Since the Parkland school shooting, eight states have enacted “Red Flag” laws that allow law enforcement to remove guns from individuals deemed a risk to themselves or others. Also known as the Extreme Risk Protection Orders (ERPOs) or Gun Violence Restraining Orders (GVROs), the laws enable law enforcement, and sometimes family members and other concerned parties, to petition a judge to remove guns from individuals who pose a threat to themselves or others. Those who are closest to an individual sometimes see red flags and can act before a situation becomes dire.  This happened after the Pittsburgh synagogue shooter killed 11 in October of 2018. Days later, family members realized that their relative was on the verge of becoming a mass-murder copy-cat when he posted on social media that the victims “deserved” it, we should kill “Jews and black people” and the synagogue shooting was a “dry run of things to come.”  Thankfully, the family alerted authorities in time for them to confiscate a myriad of weapons including the parts used to modify AR-15 assault rifles.  This is one more example of why it’s important for employers to monitor social media, spot red flags and tell employees to come forward if they see a looming threat.

Best practices for creating a safe work environment should include thorough background investigations for applicants and after the worker is on the job.  Not all background investigations are exhaustive so HR personnel should understand the pros and cons of the different types of searches and what they can or can’t reveal. For example, some searches are more appropriate to uncover misdemeanors and others are better at discovering felonies.  Usually a combination of searches, and/or a package customized to a specific industry can yield the most reliable results.  Knowing what can be potentially revealed in a background investigation versus what is not can have a huge impact in the ability of HR leaders to navigate risk.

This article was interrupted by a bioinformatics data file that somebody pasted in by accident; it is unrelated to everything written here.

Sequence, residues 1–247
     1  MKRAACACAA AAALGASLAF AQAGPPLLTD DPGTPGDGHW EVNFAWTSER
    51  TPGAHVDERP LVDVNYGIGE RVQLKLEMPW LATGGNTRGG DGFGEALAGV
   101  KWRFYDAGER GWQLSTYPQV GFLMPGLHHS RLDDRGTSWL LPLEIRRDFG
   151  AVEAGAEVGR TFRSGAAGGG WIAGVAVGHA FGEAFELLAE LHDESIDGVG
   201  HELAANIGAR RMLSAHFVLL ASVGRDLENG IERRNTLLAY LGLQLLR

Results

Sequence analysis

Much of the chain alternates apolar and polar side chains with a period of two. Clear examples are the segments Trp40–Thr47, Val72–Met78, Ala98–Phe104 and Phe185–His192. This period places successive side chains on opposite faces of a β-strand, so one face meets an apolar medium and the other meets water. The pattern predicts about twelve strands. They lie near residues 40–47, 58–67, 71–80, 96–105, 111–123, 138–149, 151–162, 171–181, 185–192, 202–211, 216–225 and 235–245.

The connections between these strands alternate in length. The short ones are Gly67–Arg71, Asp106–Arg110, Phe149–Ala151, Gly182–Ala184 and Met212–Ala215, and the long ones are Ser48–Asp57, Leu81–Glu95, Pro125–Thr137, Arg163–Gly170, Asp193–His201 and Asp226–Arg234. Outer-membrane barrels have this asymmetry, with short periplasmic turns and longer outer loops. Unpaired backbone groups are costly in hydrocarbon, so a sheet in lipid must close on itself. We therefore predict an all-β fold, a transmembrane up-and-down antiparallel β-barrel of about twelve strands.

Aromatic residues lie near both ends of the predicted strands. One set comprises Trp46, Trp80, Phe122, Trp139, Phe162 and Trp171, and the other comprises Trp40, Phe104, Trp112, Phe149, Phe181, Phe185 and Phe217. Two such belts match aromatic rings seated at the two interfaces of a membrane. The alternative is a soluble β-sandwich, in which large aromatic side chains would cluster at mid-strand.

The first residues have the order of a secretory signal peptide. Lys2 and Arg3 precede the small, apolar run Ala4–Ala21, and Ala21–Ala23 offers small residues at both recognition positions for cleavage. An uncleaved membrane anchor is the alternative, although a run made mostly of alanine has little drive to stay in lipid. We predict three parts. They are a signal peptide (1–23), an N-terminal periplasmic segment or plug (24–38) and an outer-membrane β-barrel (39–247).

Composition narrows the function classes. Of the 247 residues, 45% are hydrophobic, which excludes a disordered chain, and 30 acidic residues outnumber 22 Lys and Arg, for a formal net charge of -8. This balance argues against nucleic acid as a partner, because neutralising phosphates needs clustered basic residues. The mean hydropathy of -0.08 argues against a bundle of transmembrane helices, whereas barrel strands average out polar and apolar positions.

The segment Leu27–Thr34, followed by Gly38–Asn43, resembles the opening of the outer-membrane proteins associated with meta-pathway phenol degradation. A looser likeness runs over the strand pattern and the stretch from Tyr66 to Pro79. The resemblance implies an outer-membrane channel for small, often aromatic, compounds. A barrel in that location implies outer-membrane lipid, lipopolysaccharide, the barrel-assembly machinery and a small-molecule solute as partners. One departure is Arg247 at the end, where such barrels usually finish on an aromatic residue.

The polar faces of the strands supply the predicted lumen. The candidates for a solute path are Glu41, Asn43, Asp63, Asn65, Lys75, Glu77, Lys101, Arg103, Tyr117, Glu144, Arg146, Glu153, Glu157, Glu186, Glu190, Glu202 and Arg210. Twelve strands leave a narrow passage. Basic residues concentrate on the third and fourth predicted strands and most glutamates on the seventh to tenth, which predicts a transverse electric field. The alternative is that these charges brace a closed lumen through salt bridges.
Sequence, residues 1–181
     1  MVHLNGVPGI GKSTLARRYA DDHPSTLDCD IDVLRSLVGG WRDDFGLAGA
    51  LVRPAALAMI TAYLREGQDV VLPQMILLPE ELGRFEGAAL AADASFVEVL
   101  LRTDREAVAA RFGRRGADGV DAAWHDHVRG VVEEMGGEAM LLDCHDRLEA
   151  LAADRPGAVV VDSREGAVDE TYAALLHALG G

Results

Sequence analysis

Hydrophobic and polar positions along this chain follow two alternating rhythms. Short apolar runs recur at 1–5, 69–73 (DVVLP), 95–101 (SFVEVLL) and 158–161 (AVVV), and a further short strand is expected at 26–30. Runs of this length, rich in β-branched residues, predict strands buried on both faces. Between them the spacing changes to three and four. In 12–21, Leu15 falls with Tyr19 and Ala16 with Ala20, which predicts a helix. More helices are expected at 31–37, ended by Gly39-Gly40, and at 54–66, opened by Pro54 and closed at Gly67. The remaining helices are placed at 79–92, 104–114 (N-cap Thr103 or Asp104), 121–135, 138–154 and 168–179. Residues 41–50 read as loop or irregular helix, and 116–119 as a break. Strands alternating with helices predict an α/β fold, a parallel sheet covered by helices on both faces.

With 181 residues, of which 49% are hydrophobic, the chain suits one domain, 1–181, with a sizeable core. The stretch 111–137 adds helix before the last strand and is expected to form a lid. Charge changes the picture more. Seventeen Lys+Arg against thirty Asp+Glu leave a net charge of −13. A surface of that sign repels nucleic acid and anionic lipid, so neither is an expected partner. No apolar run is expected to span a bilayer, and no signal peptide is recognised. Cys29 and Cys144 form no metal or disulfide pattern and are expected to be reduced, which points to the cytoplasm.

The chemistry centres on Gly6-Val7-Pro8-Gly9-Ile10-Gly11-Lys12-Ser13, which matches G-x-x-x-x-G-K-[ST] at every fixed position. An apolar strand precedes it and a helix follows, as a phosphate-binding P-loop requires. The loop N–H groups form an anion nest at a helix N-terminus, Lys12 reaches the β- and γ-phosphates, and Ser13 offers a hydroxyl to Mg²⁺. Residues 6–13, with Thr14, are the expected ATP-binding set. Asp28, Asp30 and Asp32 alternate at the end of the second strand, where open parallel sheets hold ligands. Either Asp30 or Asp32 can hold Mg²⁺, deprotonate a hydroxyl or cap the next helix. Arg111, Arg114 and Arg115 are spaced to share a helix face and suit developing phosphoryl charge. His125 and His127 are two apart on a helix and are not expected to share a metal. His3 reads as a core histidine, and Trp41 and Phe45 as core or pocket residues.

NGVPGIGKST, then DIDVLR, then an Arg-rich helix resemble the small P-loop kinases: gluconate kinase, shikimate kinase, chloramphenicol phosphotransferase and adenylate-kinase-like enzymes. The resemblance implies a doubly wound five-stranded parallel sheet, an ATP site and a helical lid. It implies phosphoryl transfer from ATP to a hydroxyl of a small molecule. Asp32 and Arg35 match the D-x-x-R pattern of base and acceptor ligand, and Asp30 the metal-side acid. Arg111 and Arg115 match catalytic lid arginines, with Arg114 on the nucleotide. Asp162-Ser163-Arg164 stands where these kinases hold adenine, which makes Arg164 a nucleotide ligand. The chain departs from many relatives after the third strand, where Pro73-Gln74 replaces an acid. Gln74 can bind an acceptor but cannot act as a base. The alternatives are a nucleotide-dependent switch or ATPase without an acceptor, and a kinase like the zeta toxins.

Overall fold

In conclusion, I would like to say that I am looking forward to presenting, “Best Practices to Prevent Workplace Violence” at the New York City 2019 Annual HR Conference.” The theme, “Exceeding the Vision” is appropriate as addressing risk is not just one person’s job, but everyone’s job.  Thirty percent of someone’s life is spent at work, so it critical to know about the people who work for you and strive to make the workplace safe. I hope to see you at my presentation!

Mario Pecoraro is an entrepreneur, corporate visionary, author and founder of Alliance Worldwide Investigative Group, Inc. The company specializes in background screening and comprehensive insurance claims investigations. He conducts accredited webinars and has presented at conferences across the country on mitigating risk through background investigations, workers compensation fraud, and how companies can avoid a workplace violence tragedy. Mario will be one of the breakout session speakers at the Annual New York City SHRM conference on April 5, 2019. For more information on Mario’s session and other conference details, click here: